For years now, psychologists, talk-show hosts, and cultural custodians have been debating the connection between violent media and real-life violence. But such discourse invariably focuses on civilian (and usually teenage) violence. Marilyn Manson caused the Columbine massacre. The Sopranos proved that HBO really isn't just TV—it's distance-learning for novice psychopaths. The same goes for Grand Theft Auto III.
But it's not just teenage droogs who get their fix of ultra-violence from electronic media. And no TV series has ever been built around the amoral exploits of a 15-year-old killer. In the cathode universe, week in and week out, season after season, it's cops who are an undertaker's best friend.
Of course, it wasn't always this way. Even in the face of the surliest, late-'60s bacon-baiting, Dragnet's stalwart Joe Friday maintained the demeanor of a robot teaching high school civics. A few years later, he passed the baton to Adam 12's Pete Malloy. Like Carson Daly following Dick Clark, Malloy was The Guy to Friday's Man, hipper, fully motile, but still a genuinely civil servant sworn to uphold the law with fairness, restraint, and faultless manners. Then there was Columbo, sloppier than a sociology professor (no crisp martial duds for him) and packing less heat than a wet match. A hard-boiled gumshoe in the tradition of Mahatma Gandhi, he got his collars without even flashing a gun, much less firing one. And how about Greenwich Village's finest, the multi-ethnic men and woman of the 12th Precinct? Under Barney Miller's watch, toilet plungers were simply props for jokes about Fish's gastrointestinal distress; if someone had wandered into their squad room brandishing a semi-automatic beeper, Miller and his officers would have responded with nothing more lethal than 41 rim-shots.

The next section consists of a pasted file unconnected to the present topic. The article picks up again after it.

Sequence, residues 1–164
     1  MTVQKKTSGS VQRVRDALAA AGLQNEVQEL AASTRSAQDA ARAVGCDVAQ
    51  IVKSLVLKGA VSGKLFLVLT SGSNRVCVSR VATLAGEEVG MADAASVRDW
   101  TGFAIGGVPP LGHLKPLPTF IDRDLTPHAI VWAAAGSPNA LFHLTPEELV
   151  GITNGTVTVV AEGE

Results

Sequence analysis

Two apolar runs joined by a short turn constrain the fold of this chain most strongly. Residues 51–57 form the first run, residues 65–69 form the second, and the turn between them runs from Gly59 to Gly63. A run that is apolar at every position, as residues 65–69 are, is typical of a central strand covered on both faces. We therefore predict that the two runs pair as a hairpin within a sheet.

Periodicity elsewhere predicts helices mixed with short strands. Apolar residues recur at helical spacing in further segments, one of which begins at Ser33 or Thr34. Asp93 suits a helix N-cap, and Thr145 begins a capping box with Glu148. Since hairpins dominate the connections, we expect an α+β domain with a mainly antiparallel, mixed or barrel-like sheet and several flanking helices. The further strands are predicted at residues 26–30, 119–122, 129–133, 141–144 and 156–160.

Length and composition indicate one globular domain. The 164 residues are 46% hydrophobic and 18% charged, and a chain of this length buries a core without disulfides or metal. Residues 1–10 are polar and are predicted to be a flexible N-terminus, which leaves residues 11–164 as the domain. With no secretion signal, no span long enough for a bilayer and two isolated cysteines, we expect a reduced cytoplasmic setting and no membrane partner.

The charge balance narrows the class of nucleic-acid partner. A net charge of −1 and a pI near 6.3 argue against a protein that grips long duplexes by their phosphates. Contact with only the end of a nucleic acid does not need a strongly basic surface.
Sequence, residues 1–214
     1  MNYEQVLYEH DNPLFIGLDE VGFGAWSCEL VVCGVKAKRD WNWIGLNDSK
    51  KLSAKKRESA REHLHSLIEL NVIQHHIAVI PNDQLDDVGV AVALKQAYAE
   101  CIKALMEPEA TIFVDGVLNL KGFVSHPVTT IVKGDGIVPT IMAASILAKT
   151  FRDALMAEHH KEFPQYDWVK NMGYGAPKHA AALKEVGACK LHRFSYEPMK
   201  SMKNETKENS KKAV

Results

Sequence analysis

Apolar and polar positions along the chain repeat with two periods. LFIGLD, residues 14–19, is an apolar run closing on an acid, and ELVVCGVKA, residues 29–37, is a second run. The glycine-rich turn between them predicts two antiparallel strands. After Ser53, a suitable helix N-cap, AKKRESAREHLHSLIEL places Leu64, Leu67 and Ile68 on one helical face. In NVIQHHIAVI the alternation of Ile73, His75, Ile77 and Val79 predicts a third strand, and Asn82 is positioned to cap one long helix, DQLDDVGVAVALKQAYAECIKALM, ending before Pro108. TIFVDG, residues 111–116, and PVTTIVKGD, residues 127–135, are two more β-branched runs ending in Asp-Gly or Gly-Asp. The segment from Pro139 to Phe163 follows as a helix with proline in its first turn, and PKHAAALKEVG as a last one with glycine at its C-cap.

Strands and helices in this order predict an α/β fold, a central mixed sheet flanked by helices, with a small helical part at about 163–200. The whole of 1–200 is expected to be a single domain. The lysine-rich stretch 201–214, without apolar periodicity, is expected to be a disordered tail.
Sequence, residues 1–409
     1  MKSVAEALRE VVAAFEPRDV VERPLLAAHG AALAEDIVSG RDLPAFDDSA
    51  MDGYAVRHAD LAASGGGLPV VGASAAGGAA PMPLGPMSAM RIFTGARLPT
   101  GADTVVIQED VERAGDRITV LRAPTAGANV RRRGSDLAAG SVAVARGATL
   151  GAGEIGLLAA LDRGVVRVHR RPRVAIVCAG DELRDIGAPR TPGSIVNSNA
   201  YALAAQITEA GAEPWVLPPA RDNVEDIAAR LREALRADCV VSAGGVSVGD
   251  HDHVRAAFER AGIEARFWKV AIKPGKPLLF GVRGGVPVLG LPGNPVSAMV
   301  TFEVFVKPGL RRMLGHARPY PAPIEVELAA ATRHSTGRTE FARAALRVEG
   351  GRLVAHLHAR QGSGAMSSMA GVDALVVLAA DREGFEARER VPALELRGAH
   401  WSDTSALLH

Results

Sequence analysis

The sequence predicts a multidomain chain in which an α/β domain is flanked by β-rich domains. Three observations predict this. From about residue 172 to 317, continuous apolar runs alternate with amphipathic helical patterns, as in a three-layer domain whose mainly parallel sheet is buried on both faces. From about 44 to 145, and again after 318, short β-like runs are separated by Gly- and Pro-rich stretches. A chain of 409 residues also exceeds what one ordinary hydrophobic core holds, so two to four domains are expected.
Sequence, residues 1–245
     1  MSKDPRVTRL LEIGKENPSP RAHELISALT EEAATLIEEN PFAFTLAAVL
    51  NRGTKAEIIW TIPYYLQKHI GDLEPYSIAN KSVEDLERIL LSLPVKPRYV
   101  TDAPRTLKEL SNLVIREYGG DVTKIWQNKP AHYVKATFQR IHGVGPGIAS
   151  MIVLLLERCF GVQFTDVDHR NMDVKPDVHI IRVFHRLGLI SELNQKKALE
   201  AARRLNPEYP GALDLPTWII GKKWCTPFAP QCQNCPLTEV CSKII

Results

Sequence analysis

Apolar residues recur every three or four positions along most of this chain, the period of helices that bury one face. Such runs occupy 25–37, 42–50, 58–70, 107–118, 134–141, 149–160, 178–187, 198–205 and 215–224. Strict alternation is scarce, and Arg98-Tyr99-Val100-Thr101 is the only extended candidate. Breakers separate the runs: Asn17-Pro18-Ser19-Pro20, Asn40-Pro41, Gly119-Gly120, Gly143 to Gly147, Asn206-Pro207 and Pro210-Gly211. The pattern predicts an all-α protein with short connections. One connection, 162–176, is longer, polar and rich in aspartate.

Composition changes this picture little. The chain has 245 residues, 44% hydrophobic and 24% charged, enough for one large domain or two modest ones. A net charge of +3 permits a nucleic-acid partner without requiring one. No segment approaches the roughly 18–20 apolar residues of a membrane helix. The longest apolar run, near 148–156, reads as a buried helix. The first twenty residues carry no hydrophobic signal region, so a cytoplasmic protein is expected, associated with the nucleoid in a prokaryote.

If violent entertainment makes violent teenagers, does that mean Dirty Harry is to blame for rogue cops? Greg Beato, in the first essay that's made me laugh in a long time, investigates.